Here's a copy of the letter I sent on behalf of our river and Mountain Island Lake today. Feel free to copy it — changing my name to yours —and e-mail it to

Surface Water Protection Section

Point Source Branch

Sergei Chernikov

1617 Mail Service Center

Raleigh, NC 27699-1617


Dear Division of Water Quality,

My name is Rhiannon Bowman and I live in the Catawba River basin.

I am very concerned about Mountain Island Lake, Charlotte’s main drinking water source. In fact, not only does it provide drinking water for Charlotte, but several other nearby communities. We must do everything within our power to protect this valuable resource.

With that ideal in mind, I have reviewed draft permit NC0004961 and believe this permit should include a requirement for Duke Energy of the Carolinas to submit a plan to NC Department of Environment and Natural Resources that outlines a clean-up, lining and closure timeline for the two coal ash ponds currently discharging under this permit at Outfall 02.

Additionally, this permit should contain a reopener provision to allow the Department to modify the permit to incorporate any new court decision, guidance document, regulation, or statute on the designation, management, storage and use of coal combustion residuals, also known as coal ash wastes.

Moreover, metals currently monitored in this permit (arsenic and selenium) should have concentrations limits that reflect the fresh surface water quality standards for Mtn. Island Lake (WS-IV; CA). An Arsenic concentration limit of 10 ?g/L (ppb) and a Selenium concentration limit of 5 ?g/L should be added to this permit. As importantly, these substances should be more frequently monitored – at least monthly – and other chemicals and elements found in coal ash should be added to the monitoring list. These metals include but are not limited to boron, barium, cadmium, chlorides, chromium, lead, manganese, mercury, nickel, silver and zinc.

Iron, Manganese and Boron in the ash ponds should be monitored monthly because initial groundwater monitoring samples taken in December 2008 and again in December 2009 showed groundwater levels that exceed current state groundwater standards found under 15A NCAC 2L .0200.

Conversely, total suspended solids (TSS) monitoring should NOT be decreased from 2/month to monthly. Instead, total dissolved solids (TDS) 2/month monitoring should be added to this permit and limited to the NC fresh surface water quality standards (500mg/L) within this permit. TDS is recognized by EPA Steam Electric Power Study as a typical frequently observed coal combustion wastewater pollutant.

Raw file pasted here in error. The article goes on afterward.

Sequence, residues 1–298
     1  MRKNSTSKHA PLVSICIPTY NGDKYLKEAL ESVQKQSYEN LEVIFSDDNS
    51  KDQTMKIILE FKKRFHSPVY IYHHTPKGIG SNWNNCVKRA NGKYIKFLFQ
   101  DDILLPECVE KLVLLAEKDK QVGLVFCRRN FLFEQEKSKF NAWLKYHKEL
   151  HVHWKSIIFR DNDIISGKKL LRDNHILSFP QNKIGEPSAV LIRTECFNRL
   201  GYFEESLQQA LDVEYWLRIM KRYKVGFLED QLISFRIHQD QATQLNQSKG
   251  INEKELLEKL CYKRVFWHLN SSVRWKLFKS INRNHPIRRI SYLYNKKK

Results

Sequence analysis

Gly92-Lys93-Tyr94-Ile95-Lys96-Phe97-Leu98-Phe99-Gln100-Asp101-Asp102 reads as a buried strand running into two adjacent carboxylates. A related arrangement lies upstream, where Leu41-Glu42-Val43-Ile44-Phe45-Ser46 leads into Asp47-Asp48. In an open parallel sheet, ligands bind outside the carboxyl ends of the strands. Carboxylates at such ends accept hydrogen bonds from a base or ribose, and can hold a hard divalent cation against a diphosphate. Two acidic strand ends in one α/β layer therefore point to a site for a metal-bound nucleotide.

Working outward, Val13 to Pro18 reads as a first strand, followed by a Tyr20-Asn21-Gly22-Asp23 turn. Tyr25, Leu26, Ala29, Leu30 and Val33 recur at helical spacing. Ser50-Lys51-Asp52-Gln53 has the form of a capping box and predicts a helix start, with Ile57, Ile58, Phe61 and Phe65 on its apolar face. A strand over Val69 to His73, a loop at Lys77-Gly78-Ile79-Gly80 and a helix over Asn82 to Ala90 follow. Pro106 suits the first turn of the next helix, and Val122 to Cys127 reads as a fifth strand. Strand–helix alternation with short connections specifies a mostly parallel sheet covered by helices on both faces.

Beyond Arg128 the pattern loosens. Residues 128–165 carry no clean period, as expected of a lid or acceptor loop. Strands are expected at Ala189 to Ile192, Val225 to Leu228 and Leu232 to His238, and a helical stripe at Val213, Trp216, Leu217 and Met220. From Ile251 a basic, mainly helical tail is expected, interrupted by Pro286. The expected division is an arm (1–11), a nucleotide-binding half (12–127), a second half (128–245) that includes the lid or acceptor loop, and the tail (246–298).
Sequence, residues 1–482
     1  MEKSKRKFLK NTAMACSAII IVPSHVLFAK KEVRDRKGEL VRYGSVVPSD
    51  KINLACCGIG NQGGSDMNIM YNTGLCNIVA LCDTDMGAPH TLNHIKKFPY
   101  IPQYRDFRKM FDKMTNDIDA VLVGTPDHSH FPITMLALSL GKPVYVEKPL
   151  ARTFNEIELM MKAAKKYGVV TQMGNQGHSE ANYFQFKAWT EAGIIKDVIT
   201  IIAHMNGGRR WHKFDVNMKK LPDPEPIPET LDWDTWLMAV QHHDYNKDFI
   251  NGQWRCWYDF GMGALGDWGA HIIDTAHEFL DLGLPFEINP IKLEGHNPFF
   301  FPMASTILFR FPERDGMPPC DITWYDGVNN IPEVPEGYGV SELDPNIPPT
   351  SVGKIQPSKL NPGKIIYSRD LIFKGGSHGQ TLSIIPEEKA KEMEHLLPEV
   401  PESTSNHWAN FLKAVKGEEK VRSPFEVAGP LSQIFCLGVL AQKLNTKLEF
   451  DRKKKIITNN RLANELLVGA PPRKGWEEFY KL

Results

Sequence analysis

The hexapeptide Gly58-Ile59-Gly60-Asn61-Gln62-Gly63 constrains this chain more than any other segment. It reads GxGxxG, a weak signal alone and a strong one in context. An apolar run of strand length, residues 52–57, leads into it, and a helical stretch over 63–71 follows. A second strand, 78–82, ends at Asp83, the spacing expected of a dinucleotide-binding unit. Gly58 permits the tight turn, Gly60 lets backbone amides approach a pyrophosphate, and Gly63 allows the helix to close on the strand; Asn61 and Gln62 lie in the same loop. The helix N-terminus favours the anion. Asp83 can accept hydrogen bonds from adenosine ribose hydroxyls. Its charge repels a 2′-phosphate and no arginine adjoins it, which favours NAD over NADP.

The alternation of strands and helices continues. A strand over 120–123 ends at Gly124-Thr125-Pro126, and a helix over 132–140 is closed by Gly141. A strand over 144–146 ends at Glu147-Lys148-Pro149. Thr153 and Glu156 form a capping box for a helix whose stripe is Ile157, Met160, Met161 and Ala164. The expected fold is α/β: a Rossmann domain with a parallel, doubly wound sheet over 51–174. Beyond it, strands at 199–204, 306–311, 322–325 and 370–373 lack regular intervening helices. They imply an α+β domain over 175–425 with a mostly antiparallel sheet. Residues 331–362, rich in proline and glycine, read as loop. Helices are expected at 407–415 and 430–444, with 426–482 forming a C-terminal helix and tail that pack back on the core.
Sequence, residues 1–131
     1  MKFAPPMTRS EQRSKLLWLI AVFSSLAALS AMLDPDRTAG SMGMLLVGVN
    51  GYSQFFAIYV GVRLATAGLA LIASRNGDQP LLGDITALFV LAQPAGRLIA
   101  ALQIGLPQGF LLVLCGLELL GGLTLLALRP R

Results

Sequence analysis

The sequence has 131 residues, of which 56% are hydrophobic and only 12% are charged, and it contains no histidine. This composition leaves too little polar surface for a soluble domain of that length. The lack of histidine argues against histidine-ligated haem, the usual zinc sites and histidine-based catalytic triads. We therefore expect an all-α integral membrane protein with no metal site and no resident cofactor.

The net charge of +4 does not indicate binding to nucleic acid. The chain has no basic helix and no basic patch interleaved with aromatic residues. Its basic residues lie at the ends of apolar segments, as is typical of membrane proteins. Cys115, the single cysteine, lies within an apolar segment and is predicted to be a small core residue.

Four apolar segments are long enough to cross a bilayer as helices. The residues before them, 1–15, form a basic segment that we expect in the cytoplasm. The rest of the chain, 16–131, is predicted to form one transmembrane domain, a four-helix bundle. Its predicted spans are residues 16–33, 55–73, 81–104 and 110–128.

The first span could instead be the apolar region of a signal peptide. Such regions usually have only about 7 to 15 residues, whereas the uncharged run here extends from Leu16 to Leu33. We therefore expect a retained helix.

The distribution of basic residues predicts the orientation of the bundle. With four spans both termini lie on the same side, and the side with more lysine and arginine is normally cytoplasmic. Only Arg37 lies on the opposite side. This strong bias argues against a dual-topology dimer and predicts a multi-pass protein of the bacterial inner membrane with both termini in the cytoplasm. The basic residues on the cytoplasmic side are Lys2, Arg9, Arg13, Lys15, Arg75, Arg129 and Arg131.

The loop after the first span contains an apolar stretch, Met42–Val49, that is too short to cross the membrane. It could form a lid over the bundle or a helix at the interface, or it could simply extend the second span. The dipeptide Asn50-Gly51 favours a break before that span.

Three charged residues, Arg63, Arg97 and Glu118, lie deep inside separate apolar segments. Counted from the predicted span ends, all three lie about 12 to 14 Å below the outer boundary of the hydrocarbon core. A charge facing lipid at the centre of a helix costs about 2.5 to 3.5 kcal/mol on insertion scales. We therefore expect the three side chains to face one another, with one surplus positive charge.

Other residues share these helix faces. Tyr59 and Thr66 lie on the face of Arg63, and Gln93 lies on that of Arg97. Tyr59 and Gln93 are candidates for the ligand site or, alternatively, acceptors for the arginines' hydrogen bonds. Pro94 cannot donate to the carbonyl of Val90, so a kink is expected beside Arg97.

I would also like to request a public hearing to help our community better understand, and ask questions about, draft permit NC0004961 for Riverbend Steam Station.

Respectfully submitted,

Rhiannon Bowman

(Change my name to yours and be sure to include your mailing address.)

I mailed similar letters on behalf of Lake Norman and Lake Wylie, both of which also have coal ash ponds on their shores.

You'll notice that, after reading through the draft permits for the coal plants that own the ponds, I used our Catawba Riverkeeper's suggestions when drafting my letter.

You, too, can review the draft permits — aka permission slips to pollute — as well as the Riverkeeper's suggestions here.

Be sure to request a public hearing so we can all learn more about what's being done about these waste dumps and ask questions about what's being done to protect our drinking water. Also be sure to copy David Merryman, our Catawba Riverkeeper, on your e-mail so he can keep up with how many people have requested public hearings. His e-mail address is

And, let me repeat: This is our water. It is critical that we protect it for our health and for future generations. Without it, Charlotte vanishes.

On June 10 I will present additional information about the coal ash ponds on Mountain Island Lake at Type/Face. Learn more and purchase tickets here.

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Raise my taxes, please

Posted By on Fri, May 28, 2010 at 11:41 AM

Dear Mecklenburg County Commissioners,

If you give me the opportunity to opt-in to pay higher property taxes, I will gladly do so. More, I will encourage my neighbors to do the same.

Why am I willing to may more taxes? Because I believe that our schools, libraries, veteran's services, mental health services, parks and more are not only worthwhile but are critical services for a healthy, growing community. Instead of buying something frivolous for myself — like an iPad or a year's worth of fast food — I'm happy to help fund those types services because I love the people in this community and want them to have every opportunity to live a productive life.